ICPerMed Training Event 2023 

Research Infrastructures in PM: use, advantages and challenges 

Nowadays, it is becoming increasingly clear that ordinary medicine is not effective in treating large numbers of patients. Thanks to modern research techniques such as omics research, the more we know about an individual's genetic and molecular peculiarities, the more we understand that an individual must receive treatments based on a personalised approach.

Personalised medicine addresses the challenge of tailoring prevention and treatment strategies to individuals, but to achieve this goal, it is necessary to know the individual profile through an in-depth analysis of the subjects in relation to disease and treatment response.

In order to develop and use the full potential of personalised medicine, truly interdisciplinary research and inter-sectoral collaboration are needed. In addition to the achievements already accomplished in several areas, the sharing of the best available evidence in basic, clinical and translational research is crucial, taking into consideration also the ethical aspects, to provide sound and comprehensive information for citizens and patients, healthcare professionals and providers, payers and researchers on the potential of personalised medicine. 

As well as the need for comprehensive, validated, accessible and interoperable datasets - that have to consider data protection, safety, security and ownership issues, harmonisation strategies of existing and newly collected data - and for evidence-based innovations for diagnosis, personalised treatment, prediction and prevention, other activities are also needed to further elaborate and implement personalised medicine approaches.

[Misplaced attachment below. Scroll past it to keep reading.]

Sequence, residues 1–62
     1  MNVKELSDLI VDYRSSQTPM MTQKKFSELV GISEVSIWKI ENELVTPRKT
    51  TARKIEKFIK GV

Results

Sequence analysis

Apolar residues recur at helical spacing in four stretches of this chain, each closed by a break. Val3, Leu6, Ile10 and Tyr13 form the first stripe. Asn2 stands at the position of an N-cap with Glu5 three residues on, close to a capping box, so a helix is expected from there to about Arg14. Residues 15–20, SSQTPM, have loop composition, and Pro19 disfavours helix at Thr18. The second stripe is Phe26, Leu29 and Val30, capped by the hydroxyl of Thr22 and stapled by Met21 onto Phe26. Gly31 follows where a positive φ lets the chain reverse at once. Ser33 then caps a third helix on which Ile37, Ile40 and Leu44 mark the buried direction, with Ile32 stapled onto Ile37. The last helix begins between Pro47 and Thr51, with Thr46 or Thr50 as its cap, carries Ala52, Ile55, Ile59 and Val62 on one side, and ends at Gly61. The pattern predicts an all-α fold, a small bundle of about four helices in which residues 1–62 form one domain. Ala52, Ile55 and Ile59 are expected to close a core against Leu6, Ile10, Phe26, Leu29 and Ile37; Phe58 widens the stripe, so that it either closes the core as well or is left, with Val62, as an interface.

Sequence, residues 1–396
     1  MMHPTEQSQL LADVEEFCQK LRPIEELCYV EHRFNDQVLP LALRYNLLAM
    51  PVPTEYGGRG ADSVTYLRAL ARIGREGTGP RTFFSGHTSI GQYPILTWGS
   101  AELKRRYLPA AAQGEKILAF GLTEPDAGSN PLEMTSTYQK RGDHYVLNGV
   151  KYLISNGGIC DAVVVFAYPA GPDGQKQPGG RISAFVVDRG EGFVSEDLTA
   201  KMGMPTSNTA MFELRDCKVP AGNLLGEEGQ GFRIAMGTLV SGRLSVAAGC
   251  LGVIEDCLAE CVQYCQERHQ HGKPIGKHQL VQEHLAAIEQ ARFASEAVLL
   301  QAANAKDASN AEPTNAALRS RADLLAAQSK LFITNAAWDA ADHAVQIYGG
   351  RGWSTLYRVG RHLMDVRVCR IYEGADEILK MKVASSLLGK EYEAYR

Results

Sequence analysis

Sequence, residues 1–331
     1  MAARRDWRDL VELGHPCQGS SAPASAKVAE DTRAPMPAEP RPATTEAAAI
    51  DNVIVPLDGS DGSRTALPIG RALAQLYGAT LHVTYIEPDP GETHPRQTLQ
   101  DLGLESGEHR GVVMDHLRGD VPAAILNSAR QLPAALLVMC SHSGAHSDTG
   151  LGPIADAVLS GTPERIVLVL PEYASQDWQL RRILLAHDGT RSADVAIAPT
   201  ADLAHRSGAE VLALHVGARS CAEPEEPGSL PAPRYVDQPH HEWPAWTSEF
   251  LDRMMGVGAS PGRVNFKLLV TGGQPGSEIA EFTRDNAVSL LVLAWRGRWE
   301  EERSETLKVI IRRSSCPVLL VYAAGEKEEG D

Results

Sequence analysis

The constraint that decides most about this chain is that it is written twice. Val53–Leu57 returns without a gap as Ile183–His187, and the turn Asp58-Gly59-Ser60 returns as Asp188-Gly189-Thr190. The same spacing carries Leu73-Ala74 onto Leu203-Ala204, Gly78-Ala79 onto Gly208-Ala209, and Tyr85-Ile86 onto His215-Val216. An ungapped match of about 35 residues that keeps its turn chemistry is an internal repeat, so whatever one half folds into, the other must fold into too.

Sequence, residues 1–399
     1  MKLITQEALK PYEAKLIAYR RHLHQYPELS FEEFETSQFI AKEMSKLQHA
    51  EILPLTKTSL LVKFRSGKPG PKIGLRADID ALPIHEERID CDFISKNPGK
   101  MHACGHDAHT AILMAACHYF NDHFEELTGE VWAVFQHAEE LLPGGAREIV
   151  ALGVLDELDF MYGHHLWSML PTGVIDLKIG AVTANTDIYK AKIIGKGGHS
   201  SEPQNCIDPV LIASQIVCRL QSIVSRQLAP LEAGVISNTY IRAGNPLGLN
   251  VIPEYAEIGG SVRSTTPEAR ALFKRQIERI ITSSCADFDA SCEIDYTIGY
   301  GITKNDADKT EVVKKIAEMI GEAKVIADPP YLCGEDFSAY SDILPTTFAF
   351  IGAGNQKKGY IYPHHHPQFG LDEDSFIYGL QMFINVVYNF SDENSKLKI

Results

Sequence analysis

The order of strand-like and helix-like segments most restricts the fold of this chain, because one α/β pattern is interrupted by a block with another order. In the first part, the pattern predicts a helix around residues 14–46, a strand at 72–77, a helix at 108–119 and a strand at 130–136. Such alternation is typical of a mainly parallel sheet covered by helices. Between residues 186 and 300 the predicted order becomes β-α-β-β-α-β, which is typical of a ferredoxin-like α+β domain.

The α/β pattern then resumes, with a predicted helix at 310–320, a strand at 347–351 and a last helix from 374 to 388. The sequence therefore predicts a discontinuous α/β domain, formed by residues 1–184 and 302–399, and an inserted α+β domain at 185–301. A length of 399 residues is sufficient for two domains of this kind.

For example, the realisation of large Research Infrastructures of worldwide excellence is one of the five strategic axes for the structuring and development of the European Research Area. Research infrastructures are a means to promote cooperation on a pan-European scale and to provide scientific communities with efficient access to advanced methods and technologies. They address basic, clinical and applied research in all scientific fields, from the humanities and social sciences to physics, biomedical, environmental, energy and materials sciences, and nano-sciences. They can be considered instruments to speed up the transfer of scientific discoveries into innovation and measures for public health.

Indeed, an increasingly complex and changing reality needs global interconnections between knowledge through a network of data and people dedicated to research, innovation and creativity and tools for the creation of such knowledge, as well as the transfer of results from research to the community.

It is therefore important to know how an infrastructure works and what obstacles need to be considered and avoided in order to use it.

The aim of this training is the promotion of the use of European Research Infrastructures in the biomedical field to better inform researchers on the potential use of Biological and Medical Research Infrastructures and the benefits arising from their use, to accelerate excellence, innovation and translation, but also make them aware of the barriers to be overcome.

Achieving the goal of applying a personalised approach to care results in a benefit for patients and savings for the healthcare systems.


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